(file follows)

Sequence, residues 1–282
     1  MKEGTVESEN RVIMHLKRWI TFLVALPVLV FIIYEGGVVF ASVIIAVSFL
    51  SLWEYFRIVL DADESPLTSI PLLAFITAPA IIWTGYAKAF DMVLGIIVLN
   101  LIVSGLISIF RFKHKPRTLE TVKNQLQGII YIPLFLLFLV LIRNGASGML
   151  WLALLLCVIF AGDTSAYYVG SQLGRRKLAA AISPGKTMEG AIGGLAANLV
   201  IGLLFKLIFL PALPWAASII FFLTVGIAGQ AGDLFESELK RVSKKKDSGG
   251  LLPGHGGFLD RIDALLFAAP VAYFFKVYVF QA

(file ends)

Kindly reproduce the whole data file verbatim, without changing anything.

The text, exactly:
Sequence, residues 1–282
     1  MKEGTVESEN RVIMHLKRWI TFLVALPVLV FIIYEGGVVF ASVIIAVSFL
    51  SLWEYFRIVL DADESPLTSI PLLAFITAPA IIWTGYAKAF DMVLGIIVLN
   101  LIVSGLISIF RFKHKPRTLE TVKNQLQGII YIPLFLLFLV LIRNGASGML
   151  WLALLLCVIF AGDTSAYYVG SQLGRRKLAA AISPGKTMEG AIGGLAANLV
   201  IGLLFKLIFL PALPWAASII FFLTVGIAGQ AGDLFESELK RVSKKKDSGG
   251  LLPGHGGFLD RIDALLFAAP VAYFFKVYVF QA